Seat comfort up front is impressive for a car of this size, with adequate bolstering and back support. Overall you wouldn’t feel as helmed in as you would sitting in a Maruti Alto K10 or the Datsun redi-GO. Thanks to the class-leading 2422mm of wheelbase, even the nearly flat rear bench is comfortable with good amount of leg room and thigh support. However, it’s only comfortable for two adults – adding a third occupant in the rear in this narrow cabin is best avoided.
Renault Kwid Engine & Gearbox
There are obvious hints in the Kwid which show Renault recognises that part of the strategy in this segment is playing a mind-game. But, we wonder if the choice of a 800cc engine was also one that was influenced by this market reality. But eitherways, with the “Kitna Deti Hai?” question being a constant, it is good to note that the Kwid’s 799cc petrol engine is the most frugal in the segment. This three-cylinder engine is not as refined as the one’s in cars one segment above, but when compared to the Alto 800 or the Hyundai Eon, it is about very similar in idling character. Cabin noise levels are fairly well contained, though we felt vibration levels could have been lower. The test mule we drove was a pre-production model; hopefully the final versions will be better insulated.
The engine itself is a fairly peppy unit, for its size. Generating 54PS of peak power, and 74Nm of torque, the engine delivers much of this at lower rpm levels, though the peaks are hit closer to 5,000rpm. But, its ability to respond quickly to driver inputs seems to be affected by the throttle mapping. Overall, the focus seems to have been to squeeze the most fuel efficiency from the powertrain. Speaking of which, the engine is paired to a 5-speed gearbox. Shift quality is good and there is none of the rubbery feel that some of the other cars in the segment have.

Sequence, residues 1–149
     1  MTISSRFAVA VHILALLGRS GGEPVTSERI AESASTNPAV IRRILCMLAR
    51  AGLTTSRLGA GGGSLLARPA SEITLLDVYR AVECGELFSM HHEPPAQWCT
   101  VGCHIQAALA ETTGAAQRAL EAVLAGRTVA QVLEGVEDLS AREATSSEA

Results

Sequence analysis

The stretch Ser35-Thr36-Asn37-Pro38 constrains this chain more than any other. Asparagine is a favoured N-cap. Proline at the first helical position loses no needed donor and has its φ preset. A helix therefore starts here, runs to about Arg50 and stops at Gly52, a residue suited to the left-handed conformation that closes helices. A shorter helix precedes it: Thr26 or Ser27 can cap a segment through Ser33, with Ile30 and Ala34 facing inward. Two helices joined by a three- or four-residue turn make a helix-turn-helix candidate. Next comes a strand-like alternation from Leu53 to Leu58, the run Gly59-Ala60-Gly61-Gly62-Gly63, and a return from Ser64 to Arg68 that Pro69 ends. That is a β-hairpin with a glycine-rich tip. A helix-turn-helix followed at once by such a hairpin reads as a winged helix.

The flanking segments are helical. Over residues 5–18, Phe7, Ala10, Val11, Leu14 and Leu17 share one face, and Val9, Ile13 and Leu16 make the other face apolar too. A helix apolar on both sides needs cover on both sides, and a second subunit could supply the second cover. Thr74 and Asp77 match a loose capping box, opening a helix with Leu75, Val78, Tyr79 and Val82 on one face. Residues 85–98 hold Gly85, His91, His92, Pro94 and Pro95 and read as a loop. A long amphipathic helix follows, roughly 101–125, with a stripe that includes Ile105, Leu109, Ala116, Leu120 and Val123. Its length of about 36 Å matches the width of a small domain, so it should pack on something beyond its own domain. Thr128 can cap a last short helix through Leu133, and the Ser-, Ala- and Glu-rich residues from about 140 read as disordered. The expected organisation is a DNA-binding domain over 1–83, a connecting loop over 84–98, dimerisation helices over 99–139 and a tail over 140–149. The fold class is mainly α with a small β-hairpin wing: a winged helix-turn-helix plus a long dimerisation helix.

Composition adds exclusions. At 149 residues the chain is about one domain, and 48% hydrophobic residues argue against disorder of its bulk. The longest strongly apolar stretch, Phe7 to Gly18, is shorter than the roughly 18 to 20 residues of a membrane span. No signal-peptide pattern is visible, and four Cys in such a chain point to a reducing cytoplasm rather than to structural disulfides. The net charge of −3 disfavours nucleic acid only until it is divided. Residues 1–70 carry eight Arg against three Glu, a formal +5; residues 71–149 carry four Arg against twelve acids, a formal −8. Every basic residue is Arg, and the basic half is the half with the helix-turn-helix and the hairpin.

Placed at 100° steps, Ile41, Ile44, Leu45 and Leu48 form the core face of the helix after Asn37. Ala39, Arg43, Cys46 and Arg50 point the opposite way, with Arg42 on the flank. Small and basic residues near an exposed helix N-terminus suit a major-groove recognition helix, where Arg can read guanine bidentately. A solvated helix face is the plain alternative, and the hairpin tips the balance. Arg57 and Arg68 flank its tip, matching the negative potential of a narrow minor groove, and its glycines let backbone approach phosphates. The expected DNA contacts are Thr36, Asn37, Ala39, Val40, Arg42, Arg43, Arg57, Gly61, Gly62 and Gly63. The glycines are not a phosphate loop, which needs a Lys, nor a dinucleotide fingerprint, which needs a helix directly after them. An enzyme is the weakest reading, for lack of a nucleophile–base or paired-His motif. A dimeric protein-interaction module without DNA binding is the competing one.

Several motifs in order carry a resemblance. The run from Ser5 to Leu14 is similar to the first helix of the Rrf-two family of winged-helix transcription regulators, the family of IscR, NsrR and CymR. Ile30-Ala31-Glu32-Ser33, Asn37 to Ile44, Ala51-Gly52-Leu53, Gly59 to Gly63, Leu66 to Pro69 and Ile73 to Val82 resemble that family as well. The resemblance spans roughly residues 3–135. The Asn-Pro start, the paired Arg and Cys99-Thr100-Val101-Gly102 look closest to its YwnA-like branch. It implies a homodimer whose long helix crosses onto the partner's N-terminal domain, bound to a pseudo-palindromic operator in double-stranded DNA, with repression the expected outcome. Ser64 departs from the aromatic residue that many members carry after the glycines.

Renault Kwid Ride & Handling
Despite its lack of grunt or a manual override, the Kwid feels comfortable on the highway as well. The featherweight Renault, in fact, has no trouble hitting triple digit speeds – it took 16.5 seconds to complete the 0-100kmph sprint and 8.8 and 12.4 seconds for the 20-80kmph and 40-100kmph in gear respectively. In terms of handling, the Kwid retains its light steering feel (good for puttering around town) but there is more body roll than what’s expected and the steering itself is devoid of feel. However, when it comes to tackling bad roads, the little Renault is hard to fault. The long travel suspension that otherwise makes the Kwid lean into the corners allows it to maintain composure over pothole-riddled roads. Sure, the ride quality is slightly bouncy under full load, it is still impressive overall and like the Duster, the Kwid tackles bad roads with relative ease, especially for a car of this size.
Renault Kwid Safety & Security
In a bid to make it safer, Renault has added more safety features to the hatchback. It now gets updated seat belts with pre-tensioners and load limiters for the rear seats. Airbags, engine immobilizer and central locking have been retained.
Renault Kwid Ex-Showroom Price in Bangalore ranges from 2,68,606/- (Kwid STD) to 4,66,299/- (Kwid RXT 1.0 O Superhero Edition AMT). Get best offers for Renault Kwid from Renault Dealers in Bangalore. Check for Kwid price in Bangalore at carzprice
Renault Kwid Bottomline
So, is the 2018 Kwid AMT a great buy? Certainly. It’s worth a look if you are after a small, easy to drive automatic hatchback that has a touch of flair about it. All in all, with these updates, it’s an almost flawless city runabout – the steering is light, the AMT is relatively smooth, all-round visibility is excellent and there is enough space for a small family. More importantly, with the creep function and a rear-view camera, it’s also easy to drive and park and that’s all you really want from a car like this.